instructions for sending the data to the one of the destination network devices via the associated interconnect in response to receiving the frame retrieval message;
instructions for maintaining a retrieval count that indicates a number of the one or more destination network devices that remain to retrieve the data;
instructions for decrementing the retrieval count in response to sending the data or receiving the frame retrieval message; and
instructions for removing the data from the data buffer when the retrieval count is equal to zero.
14. A switch connected to a source network device and one or more destination devices via associated interconnects, the switch having a data buffer associated therewith and adapted for storing data, comprising:
means for receiving data from a source network device connected to the switch via the associated interconnect;
means for storing the data in the data buffer;
means for sending a frame storage message indicating that the data has been successfully stored for retrieval by one or more destination devices to the source network device via the associated interconnect, said frame storage message specifying a location of the data in the data buffer;
means for receiving a frame retrieval message associated with the data from one of the destination network devices;
means for sending the data to the one of the destination network devices in response to receiving the frame retrieval message;
means for maintaining a retrieval count that indicates a number of the one or more destination network devices that remain to retrieve the data;
means for receiving a buffer table subtract message to decrement the retrieval count equivalent to a number of the one or more destination network devices that are unable to retrieve the data; and
means for decrementing the retrieval count in response to the buffer table subtract message.
15. A switch connected to a source network device and one or more destination devices via associated interconnects, the switch having a data buffer associated therewith and adapted for storing data, comprising:
means for receiving data from a source network device connected to the switch via the associated interconnect;
means for storing the data in the data buffer;
means for sending a frame storage message indicating that the data has been successfully stored for retrieval by one or more destination devices to the source network device via the associated interconnect, said frame storage message specifying a location of the data in the data buffer;
means for receiving a frame retrieval message associated with the data from one of the destination network devices via the associated interconnect;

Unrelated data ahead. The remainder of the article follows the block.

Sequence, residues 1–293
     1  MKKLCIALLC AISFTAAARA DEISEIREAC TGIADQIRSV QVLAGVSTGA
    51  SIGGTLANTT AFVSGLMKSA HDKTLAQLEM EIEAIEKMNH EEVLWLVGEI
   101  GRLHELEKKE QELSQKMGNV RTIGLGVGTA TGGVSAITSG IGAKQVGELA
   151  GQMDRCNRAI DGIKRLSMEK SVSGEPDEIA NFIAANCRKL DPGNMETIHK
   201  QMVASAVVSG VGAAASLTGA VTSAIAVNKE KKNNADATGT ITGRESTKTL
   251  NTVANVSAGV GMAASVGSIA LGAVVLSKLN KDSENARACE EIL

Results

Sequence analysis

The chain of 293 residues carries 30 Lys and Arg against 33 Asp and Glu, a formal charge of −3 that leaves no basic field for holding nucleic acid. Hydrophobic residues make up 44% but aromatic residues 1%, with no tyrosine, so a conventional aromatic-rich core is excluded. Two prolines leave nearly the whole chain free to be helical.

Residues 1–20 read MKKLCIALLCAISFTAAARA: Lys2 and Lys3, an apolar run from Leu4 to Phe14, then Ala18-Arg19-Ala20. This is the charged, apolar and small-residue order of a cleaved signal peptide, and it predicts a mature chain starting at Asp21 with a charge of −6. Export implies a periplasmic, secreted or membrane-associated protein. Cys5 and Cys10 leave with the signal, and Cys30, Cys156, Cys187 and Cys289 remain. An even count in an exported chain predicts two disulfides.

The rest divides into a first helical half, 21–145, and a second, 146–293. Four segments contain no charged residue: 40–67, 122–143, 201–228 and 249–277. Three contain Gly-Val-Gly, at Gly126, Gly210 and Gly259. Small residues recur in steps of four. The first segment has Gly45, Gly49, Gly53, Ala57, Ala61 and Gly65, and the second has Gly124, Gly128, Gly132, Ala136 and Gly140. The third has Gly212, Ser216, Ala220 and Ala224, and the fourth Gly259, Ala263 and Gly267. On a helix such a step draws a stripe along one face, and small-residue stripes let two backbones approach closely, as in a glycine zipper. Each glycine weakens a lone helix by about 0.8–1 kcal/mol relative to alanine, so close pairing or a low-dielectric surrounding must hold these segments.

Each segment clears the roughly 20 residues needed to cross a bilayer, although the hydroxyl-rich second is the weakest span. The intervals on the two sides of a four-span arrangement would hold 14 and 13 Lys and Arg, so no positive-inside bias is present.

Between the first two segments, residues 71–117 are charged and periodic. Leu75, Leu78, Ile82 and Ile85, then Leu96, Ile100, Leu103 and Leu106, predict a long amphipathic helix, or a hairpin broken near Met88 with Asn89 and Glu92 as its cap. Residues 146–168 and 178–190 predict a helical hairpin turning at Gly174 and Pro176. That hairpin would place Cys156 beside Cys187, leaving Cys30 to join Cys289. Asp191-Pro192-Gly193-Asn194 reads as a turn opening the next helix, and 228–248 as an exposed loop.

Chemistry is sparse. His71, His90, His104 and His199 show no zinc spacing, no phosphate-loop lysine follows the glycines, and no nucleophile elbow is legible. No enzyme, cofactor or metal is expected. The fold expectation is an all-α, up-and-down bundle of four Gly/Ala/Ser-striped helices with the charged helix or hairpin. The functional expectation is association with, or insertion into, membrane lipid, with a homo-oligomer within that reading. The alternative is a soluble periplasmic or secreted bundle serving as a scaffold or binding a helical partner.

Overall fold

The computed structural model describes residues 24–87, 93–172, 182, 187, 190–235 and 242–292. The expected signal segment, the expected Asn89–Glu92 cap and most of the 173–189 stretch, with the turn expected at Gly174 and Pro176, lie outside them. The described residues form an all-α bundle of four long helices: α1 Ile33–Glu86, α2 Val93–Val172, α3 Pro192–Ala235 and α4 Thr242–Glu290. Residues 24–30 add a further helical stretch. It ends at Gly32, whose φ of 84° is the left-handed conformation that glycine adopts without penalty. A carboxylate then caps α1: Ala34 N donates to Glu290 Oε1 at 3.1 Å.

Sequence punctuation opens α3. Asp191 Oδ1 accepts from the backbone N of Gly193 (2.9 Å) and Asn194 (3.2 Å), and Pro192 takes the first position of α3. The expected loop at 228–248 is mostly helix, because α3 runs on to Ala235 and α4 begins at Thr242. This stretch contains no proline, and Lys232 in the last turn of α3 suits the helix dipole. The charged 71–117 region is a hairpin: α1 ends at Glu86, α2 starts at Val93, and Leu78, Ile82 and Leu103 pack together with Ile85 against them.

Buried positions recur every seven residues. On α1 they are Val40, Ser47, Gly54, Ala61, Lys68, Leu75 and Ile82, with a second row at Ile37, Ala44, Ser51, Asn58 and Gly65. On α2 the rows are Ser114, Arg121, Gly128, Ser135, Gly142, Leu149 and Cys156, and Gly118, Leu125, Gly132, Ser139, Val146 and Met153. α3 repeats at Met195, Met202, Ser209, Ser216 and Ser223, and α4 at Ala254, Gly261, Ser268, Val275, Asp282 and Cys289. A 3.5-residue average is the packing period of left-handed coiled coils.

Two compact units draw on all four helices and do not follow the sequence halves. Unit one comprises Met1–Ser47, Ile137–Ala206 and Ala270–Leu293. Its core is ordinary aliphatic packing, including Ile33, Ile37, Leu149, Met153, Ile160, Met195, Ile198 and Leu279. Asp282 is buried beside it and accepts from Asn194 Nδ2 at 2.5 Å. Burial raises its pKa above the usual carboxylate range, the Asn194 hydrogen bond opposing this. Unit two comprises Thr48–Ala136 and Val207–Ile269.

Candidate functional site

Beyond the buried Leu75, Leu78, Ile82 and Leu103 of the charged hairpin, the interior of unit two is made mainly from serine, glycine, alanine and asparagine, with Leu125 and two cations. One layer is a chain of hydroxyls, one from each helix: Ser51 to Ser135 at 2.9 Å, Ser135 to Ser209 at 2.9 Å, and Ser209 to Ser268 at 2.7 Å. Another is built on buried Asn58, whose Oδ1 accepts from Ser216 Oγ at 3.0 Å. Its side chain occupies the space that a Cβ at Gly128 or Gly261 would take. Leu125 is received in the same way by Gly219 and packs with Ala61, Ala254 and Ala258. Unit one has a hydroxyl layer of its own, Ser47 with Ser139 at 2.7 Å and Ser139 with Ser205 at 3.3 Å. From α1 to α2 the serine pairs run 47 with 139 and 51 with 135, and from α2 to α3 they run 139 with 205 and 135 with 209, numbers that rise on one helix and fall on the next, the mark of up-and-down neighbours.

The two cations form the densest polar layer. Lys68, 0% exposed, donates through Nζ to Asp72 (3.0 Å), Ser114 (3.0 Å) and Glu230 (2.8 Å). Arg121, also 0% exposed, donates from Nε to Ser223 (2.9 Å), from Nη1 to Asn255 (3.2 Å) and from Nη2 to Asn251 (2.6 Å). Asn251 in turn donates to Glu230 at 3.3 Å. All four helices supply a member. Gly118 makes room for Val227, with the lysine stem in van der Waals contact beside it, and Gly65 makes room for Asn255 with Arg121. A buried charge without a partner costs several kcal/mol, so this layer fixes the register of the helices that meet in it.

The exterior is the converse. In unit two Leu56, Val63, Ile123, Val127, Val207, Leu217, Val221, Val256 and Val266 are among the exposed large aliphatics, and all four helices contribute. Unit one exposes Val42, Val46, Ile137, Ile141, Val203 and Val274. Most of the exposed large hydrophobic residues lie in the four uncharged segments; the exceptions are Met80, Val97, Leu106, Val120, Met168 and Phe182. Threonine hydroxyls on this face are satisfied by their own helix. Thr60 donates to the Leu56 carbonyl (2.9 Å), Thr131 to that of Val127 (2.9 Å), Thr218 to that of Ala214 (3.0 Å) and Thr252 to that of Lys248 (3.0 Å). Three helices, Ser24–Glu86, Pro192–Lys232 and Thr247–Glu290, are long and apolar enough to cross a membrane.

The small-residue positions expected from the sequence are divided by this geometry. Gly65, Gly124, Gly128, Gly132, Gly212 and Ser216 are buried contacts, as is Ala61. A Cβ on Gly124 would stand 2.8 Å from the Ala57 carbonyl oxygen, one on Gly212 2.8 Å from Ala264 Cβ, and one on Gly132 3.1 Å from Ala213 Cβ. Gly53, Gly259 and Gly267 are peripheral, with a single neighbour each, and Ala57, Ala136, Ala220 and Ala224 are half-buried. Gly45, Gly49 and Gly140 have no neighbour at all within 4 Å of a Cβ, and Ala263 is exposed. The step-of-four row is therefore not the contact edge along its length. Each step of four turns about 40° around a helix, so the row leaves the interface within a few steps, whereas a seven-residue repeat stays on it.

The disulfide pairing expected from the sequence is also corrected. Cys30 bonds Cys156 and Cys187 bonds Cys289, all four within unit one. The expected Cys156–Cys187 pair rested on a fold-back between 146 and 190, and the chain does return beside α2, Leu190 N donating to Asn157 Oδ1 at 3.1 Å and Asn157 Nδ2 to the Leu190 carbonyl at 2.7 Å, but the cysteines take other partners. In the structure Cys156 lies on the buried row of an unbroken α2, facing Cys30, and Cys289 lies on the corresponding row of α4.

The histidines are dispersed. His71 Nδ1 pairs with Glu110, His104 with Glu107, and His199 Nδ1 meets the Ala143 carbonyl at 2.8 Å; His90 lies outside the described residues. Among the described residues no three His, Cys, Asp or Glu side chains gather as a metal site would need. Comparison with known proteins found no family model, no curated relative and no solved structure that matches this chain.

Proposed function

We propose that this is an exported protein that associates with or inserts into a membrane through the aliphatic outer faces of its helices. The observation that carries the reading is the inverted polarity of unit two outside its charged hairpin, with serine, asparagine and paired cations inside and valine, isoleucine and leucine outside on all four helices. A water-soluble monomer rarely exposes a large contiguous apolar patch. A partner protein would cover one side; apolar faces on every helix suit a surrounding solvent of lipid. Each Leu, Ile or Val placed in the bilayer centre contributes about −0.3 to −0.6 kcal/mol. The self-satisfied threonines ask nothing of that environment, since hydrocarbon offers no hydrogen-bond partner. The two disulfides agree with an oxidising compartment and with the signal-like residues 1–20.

means for sending the data to the one of the destination network devices via the associated interconnect in response to receiving the frame retrieval message;
means for maintaining a retrieval count that indicates a number of the one or more destination network devices that remain to retrieve the data;
means for decrementing the retrieval count in response to sending the data or receiving the frame retrieval message; and
means for removing the data from the data buffer when the retrieval count is equal to zero.
16. A switch connected to a source network device and one or more destination devices via associated interconnects, the switch having a data buffer associated therewith and adapted for storing data, comprising:
a processor; and
a memory, at least one of the processor and the memory being adapted for:
receiving data from a source network device connected to the switch via the associated interconnect;
storing the data in the data buffer;
sending a frame storage message indicating that the data has been successfully stored for retrieval by one or more destination devices to the source network device via the associated interconnect, said frame storage message specifying a location of the data in the data buffer;
receiving a frame retrieval message associated with the data from one of the destination network devices;
sending the data to the one of the destination network devices in response to receiving the frame retrieval message;
maintaining a retrieval count that indicates a number of the one or more destination network devices that remain to retrieve the data;
receiving a buffer table subtract message to decrement the retrieval count equivalent to a number of the one or more destination network devices that are unable to retrieve the data; and
decrementing the retrieval count in response to the buffer table subtract message.
17. A switch connected to a source network device and one or more destination devices via associated interconnects, the switch having a data buffer associated therewith and adapted for storing data, comprising:
a processor; and
a memory, at least one of the processor and the memory being adapted for:
receiving data from a source network device connected to the switch via the associated interconnect;
storing the data in the data buffer;
sending a frame storage message indicating that the data has been successfully stored for retrieval by one or more destination devices to the source network device via the associated interconnect, said frame storage message specifying a location of the data in the data buffer;